A Global Multi-Unit Calibration as a Method for Large Scale IoT Particulate Matter Monitoring Systems Deployments

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A Global Multi-Unit Calibration as a Method for Large Scale IoT Particulate Matter Monitoring Systems Deployments


Saverio De Vito, Gerardo D Elia, Sergio Ferlito, Girolamo Di Francia, Milos Davidovic, Duska Kleut, Danka Stojanovic, Milena Jovasevic Stojanovic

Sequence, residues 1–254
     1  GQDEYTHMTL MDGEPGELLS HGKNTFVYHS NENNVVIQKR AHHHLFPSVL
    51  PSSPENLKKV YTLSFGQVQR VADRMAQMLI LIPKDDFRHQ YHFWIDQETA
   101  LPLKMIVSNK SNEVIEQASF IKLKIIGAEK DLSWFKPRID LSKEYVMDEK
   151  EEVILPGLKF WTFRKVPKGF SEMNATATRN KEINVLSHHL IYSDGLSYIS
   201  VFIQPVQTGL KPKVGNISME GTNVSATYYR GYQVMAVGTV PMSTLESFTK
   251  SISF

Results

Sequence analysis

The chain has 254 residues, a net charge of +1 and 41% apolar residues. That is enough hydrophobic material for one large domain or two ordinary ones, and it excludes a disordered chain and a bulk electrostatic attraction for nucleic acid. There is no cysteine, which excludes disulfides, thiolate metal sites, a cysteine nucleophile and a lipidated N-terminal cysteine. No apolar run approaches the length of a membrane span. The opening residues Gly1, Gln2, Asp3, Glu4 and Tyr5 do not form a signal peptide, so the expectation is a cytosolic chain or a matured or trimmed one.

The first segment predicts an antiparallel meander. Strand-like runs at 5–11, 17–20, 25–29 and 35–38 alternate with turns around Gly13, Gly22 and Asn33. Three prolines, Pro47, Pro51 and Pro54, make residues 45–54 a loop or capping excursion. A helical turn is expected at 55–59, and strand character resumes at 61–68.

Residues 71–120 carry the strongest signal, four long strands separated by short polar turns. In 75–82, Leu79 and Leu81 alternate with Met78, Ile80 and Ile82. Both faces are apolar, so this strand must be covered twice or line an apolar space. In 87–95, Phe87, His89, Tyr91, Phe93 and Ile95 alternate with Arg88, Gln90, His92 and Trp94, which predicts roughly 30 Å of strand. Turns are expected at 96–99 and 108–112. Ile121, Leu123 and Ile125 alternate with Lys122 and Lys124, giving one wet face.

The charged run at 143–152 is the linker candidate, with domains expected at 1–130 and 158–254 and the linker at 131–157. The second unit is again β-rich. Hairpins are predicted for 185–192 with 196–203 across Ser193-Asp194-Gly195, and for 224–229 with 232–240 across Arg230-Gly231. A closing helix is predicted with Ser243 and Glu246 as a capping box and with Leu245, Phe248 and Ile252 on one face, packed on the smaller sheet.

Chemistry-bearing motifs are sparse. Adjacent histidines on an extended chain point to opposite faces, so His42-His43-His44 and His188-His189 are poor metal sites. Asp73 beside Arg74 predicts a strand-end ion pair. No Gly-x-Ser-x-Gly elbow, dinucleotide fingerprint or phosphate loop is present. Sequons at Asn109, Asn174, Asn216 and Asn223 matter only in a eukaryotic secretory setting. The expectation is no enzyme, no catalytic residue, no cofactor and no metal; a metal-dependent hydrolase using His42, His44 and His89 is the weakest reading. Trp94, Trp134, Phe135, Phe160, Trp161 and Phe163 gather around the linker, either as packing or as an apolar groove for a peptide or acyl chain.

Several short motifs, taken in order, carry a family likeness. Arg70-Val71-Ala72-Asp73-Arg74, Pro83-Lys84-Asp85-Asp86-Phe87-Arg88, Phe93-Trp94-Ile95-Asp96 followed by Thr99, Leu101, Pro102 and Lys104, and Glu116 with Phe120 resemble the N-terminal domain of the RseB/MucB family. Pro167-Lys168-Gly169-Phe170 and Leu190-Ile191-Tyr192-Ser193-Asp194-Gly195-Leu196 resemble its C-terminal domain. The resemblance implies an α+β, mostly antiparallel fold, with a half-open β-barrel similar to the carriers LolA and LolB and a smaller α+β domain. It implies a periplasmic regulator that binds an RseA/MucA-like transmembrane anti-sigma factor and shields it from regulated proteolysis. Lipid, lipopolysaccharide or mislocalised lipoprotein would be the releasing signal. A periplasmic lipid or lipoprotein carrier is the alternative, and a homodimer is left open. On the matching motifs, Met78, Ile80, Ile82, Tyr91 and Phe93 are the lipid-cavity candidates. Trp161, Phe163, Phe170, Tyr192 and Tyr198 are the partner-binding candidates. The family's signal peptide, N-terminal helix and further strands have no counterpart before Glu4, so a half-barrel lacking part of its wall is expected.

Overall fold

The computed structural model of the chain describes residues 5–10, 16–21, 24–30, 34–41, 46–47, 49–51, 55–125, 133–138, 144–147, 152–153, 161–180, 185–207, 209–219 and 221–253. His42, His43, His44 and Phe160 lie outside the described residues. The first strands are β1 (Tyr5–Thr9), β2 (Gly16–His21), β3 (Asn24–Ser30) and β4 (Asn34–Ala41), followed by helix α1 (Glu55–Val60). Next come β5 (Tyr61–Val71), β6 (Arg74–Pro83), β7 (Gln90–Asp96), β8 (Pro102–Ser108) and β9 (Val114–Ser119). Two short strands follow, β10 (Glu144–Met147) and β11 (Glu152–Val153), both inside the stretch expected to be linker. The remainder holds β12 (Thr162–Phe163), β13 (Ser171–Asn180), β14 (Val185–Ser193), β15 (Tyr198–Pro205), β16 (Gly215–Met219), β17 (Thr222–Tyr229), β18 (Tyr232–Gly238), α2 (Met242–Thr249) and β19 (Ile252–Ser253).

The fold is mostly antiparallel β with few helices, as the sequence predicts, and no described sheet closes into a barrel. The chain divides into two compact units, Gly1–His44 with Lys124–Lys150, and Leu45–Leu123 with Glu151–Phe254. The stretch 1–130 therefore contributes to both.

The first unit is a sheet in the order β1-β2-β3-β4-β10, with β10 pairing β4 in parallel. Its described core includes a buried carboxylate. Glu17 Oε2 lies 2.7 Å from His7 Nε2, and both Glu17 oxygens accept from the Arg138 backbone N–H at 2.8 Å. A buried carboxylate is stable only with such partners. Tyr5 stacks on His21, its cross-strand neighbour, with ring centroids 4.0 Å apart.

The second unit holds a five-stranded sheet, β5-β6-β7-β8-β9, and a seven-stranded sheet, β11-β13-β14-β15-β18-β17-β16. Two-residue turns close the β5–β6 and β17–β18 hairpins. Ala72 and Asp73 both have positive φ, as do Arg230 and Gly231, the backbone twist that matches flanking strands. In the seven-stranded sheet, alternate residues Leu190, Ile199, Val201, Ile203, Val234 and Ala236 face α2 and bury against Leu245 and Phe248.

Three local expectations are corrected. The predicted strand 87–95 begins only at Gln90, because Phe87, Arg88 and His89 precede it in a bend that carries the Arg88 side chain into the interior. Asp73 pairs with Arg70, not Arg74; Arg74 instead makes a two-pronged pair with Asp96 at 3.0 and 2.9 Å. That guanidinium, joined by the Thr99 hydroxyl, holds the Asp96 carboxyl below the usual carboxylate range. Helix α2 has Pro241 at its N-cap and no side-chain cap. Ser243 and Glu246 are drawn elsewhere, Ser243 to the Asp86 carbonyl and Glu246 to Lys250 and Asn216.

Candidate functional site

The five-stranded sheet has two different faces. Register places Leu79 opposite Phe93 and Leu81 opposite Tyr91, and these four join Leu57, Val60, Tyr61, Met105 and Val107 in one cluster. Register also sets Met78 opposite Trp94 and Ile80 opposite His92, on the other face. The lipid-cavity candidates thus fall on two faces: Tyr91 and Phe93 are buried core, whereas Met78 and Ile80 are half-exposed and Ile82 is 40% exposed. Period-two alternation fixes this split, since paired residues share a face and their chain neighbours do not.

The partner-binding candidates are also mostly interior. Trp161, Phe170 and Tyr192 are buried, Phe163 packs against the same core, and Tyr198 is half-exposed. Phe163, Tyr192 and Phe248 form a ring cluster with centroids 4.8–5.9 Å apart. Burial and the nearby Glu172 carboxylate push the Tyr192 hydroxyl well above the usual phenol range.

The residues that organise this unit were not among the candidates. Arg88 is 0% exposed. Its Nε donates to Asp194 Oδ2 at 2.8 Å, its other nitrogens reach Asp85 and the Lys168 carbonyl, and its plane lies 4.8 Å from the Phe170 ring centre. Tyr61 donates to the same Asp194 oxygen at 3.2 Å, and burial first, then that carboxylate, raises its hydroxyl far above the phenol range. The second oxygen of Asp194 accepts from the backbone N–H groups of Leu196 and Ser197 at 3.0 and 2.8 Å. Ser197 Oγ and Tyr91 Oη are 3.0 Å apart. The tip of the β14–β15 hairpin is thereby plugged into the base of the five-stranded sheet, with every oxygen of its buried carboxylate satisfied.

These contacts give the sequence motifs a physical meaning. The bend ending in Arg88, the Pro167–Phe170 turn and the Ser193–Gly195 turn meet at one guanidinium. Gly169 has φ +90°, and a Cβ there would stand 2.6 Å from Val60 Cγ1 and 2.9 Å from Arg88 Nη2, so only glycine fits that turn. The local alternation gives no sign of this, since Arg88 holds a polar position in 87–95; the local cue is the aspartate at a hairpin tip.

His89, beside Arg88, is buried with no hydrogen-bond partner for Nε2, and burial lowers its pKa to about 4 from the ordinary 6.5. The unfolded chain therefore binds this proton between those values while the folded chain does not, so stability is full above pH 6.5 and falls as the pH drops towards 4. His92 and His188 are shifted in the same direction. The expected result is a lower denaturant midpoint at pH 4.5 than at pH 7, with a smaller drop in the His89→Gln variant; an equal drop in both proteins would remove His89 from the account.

Scalable and effective calibration is a fundamental requirement for Low Cost Air Quality Monitoring Systems and will enable accurate and pervasive monitoring in cities. Suffering from environmental interferences and fabrication variance, these devices need to encompass sensors specific and complex calibration processes for reaching a sufficient accuracy to be deployed as indicative measurement devices in Air Quality (AQ) monitoring networks. Concept and sensor drift often force calibration process to be frequently repeated. These issues lead to unbearable calibration costs which denies their massive deployment when accuracy is a concern. In this work, We propose a zero transfer samples, global calibration methodology as a technological enabler for IoT AQ multisensory devices which relies on low cost Particulate Matter (PM) sensors. This methodology is based on field recorded responses from a limited number of IoT AQ multisensors units and machine learning concepts and can be universally applied to all units of the same type. A multi season test campaign shown that, when applied to different sensors, this methodology performances match those of state of the art methodology which requires to derive different calibration parameters for each different unit. If confirmed, these results show that, when properly derived, a global calibration law can be exploited for a large number of networked devices with dramatic cost reduction eventually allowing massive deployment of accurate IoT AQ monitoring devices. Furthermore, this calibration model could be easily embedded on board of the device or implemented on the edge allowing immediate access to accurate readings for personal exposure monitor applications as well as reducing long range data transfer needs.

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